You’ve got steady income, a chunk of money saved up, and you’re starting to feel confident about your finances. You think you might even be ready to jump into homeownership once and for all. The only problem? You’re not entirely sure if you can afford to take the plunge. And you’re asking yourself: How much mortgage can I afford?
The truth is, home affordability can be a surprisingly complex concept, with a lot of different variables to consider. How do you know how much money you can borrow for a home loan? What factors does the lender look at when deciding how much to loan you? What’s even included on a mortgage payment? And how can you make sure you’re not overspending on your mortgage?
If you’re feeling overwhelmed, you’re not alone — and you’ve come to the right place.
We’ve enlisted the help of Richard Helali, mortgage sales leader at HomeLight Home Loans, to walk through the basics on home affordability. Here’s what smart buyers need to know.
What’s home affordability?
The term “home affordability” sounds pretty straightforward. It’s how much home you can afford, right? Well, kind of.
How much you can afford to spend on a mortgage is partly a personal decision, based on your own unique financial situation, plus your savings and investment goals.
But there’s actually another dimension to home affordability, and it’s the one we’re going to focus on here: how much you can borrow for a mortgage. As in, how much you can afford according to the lender.
A lender has to protect their investment and minimize risk, so they only lend money to qualified buyers, and only up to a certain point. Who’s a qualified buyer, and what is that point? We’ll get to that soon!
For now, it’s important to understand that what you think you can afford and what the lender is willing to lend you may be two different things. Both factor into home affordability.
How do lenders decide how much mortgage you can afford?
Before diving into the specifics of what lenders are looking for, it’s a good idea to unpack one of the big reasons why lenders look for certain qualifications in buyers in the first place.
Most mortgages, after they’re issued to buyers, are bundled together and sold through the secondary mortgage market.
But why would a lender turn around and sell a mortgage it just worked so hard to get? To create liquidity (that is, more cash flow), which allows the lender to make even more mortgages.
Think about it this way: The lender doesn’t want all their money tied up in just a few loans. It’s much more profitable to sell those loans and use the proceeds to then issue more loans. This is one way mortgages remain accessible to everyday buyers.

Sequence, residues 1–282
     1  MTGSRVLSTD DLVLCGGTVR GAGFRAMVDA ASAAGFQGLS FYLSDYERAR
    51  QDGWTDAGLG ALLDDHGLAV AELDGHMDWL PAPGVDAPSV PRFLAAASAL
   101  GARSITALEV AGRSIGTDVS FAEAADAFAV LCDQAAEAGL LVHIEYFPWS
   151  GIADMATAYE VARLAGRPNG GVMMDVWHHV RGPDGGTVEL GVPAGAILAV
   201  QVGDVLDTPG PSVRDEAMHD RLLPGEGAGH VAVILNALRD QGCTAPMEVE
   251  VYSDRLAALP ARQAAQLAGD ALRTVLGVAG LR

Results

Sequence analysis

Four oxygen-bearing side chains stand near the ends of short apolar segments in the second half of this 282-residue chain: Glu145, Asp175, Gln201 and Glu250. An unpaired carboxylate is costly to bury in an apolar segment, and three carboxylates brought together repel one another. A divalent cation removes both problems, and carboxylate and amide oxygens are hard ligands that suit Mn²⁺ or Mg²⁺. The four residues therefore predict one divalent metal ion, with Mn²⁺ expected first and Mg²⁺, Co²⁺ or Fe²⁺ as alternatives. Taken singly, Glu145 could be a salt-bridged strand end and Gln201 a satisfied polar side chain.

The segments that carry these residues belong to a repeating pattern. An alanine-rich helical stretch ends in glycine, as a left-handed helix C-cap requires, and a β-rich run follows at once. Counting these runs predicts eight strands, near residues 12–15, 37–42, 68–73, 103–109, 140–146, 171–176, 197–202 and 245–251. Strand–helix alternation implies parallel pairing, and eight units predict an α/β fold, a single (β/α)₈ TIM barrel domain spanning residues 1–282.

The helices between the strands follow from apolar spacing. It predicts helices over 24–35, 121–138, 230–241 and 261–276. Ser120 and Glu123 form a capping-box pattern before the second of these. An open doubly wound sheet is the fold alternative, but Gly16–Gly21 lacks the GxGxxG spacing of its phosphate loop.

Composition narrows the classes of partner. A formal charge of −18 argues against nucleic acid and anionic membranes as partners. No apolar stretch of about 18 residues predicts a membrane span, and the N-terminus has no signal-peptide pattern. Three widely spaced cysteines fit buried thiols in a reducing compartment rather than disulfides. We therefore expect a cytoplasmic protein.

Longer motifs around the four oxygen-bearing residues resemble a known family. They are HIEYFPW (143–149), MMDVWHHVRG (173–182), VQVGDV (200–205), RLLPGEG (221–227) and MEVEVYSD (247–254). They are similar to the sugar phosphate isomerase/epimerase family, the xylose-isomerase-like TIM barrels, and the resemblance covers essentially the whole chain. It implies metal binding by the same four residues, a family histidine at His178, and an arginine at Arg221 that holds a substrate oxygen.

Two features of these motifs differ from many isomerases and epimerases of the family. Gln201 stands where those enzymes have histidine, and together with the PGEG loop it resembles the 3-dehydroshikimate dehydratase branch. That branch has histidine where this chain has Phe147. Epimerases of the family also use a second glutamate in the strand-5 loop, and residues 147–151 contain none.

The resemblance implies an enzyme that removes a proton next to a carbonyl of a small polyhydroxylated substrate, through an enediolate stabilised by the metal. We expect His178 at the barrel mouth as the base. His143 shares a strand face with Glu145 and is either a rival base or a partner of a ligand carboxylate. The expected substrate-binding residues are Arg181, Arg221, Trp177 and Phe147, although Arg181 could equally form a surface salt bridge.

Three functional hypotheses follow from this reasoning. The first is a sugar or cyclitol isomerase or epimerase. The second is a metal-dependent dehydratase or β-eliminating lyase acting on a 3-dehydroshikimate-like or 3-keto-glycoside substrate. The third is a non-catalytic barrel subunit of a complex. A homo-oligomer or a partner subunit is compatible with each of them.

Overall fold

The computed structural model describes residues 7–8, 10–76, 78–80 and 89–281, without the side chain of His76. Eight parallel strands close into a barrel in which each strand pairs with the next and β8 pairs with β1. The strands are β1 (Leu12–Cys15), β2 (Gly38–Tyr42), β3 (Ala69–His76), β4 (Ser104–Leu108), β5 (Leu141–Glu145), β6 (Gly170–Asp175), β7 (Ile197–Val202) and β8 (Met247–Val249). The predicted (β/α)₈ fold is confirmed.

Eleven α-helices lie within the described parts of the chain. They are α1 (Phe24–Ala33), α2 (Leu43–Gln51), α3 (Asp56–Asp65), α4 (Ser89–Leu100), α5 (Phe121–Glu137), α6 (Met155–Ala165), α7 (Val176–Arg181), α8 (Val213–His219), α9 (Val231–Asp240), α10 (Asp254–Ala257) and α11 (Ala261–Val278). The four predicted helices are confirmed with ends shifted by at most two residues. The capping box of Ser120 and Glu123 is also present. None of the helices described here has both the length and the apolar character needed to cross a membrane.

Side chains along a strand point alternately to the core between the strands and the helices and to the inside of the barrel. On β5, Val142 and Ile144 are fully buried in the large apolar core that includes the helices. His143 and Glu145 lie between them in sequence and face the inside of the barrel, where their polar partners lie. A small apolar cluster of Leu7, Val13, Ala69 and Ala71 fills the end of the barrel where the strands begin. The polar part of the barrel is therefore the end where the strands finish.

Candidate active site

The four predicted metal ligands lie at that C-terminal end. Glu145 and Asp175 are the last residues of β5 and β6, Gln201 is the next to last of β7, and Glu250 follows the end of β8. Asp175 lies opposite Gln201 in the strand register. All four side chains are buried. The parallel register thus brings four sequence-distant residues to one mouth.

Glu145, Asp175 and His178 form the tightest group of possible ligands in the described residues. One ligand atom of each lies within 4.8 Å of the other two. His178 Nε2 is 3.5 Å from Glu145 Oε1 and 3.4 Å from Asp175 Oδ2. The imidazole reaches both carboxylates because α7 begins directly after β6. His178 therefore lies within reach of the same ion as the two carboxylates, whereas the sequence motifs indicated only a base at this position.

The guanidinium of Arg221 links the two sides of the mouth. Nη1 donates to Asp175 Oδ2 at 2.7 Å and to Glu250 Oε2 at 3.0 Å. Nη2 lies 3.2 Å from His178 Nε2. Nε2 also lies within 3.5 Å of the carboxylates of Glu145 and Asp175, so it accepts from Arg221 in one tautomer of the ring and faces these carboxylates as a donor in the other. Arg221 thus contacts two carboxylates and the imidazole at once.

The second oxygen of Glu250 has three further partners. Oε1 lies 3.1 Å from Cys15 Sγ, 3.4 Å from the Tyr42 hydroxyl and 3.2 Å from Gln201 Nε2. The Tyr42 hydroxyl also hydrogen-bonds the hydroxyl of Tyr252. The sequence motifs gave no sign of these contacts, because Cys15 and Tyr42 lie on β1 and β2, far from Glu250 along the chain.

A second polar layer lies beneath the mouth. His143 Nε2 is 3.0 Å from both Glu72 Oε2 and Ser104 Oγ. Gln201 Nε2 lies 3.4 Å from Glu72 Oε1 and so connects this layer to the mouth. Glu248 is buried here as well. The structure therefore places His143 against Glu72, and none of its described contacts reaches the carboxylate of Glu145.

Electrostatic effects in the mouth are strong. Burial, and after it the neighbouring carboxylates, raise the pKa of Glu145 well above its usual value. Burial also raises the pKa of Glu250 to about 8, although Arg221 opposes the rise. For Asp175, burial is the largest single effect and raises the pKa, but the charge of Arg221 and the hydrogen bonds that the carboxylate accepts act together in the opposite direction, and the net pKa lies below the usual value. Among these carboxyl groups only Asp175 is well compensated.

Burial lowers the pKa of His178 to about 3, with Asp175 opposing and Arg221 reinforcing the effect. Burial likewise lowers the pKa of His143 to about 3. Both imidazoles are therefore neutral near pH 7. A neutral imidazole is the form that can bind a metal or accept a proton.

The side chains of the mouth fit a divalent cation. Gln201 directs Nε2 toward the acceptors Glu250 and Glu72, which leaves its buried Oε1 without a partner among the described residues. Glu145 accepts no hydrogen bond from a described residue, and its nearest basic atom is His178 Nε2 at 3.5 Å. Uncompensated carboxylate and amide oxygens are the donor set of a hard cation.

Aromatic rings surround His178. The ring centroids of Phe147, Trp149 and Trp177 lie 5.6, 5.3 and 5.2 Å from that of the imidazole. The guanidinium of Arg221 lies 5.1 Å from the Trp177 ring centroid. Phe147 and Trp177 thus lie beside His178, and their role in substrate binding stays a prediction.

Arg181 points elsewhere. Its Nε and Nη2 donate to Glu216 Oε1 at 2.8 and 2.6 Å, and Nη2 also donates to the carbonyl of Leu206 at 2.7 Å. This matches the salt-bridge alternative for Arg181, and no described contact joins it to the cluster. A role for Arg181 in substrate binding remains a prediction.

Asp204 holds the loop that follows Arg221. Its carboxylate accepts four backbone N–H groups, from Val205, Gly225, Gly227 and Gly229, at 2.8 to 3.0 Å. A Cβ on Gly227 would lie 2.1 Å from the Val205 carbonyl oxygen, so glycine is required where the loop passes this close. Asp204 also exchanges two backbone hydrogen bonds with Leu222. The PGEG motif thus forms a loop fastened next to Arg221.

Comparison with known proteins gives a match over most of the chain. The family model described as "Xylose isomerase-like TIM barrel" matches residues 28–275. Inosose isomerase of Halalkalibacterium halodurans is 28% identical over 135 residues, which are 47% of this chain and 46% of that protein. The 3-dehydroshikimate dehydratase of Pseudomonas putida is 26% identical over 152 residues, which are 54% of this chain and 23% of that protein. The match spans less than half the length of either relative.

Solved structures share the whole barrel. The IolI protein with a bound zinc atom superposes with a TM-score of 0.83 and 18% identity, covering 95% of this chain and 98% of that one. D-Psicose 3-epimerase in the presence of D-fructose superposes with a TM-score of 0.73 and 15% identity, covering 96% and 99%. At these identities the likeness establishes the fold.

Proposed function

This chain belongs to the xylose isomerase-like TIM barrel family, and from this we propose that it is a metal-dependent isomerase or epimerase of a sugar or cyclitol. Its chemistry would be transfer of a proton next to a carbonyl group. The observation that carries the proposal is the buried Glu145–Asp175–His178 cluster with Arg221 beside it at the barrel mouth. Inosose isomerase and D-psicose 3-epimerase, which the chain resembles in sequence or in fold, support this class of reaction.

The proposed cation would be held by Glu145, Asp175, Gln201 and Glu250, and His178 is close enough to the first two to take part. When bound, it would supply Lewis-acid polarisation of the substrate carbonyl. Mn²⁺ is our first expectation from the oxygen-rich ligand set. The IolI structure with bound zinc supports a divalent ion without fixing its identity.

Okay, so who buys these mortgages on the secondary market? Mostly, they’re purchased by the government-sponsored enterprises Fannie Mae and Freddie Mac. And because Fannie and Freddie guarantee purchase of these mortgages, the loans are also required to meet certain guidelines — think minimum credit scores and down payment amounts, among other qualifications.
All of that is to say, in order to qualify for a mortgage, you’ll have to meet these minimum requirements. Let’s take a look at six major factors that will affect your home affordability, according to the lender.
Naturally, your income will play a huge role in how much home you can afford. The lender will look at your income alongside other factors, like your monthly minimum debt payments (in other words, your other financial obligations — more on this soon) and your down payment amount, to determine the maximum you can safely borrow.
All other factors being equal, a buyer who makes $10,000 per month will qualify for more mortgage than a buyer who makes $2,000 per month. So keep this in mind as you think about affordability: You are typically only able to borrow in proportion to your income.
2. Monthly debts (DTI)
Similar to how you can only borrow money for a mortgage in proportion to your income, you can also only borrow in proportion to your monthly debts. That is to say, the more money you owe each month in debts that aren’t mortgage payments, the less you’ll be able to borrow for a mortgage.
That’s because your lender looks at your debt-to-income ratio, or DTI, to help determine how much they can safely let you borrow for a mortgage.
“Debt-to-income ratio falls under the ATR rule, which is the ability to repay,” Helali explains. “It looks at your income versus your debts on a monthly basis, including your new mortgage payment, along with taxes and insurance.”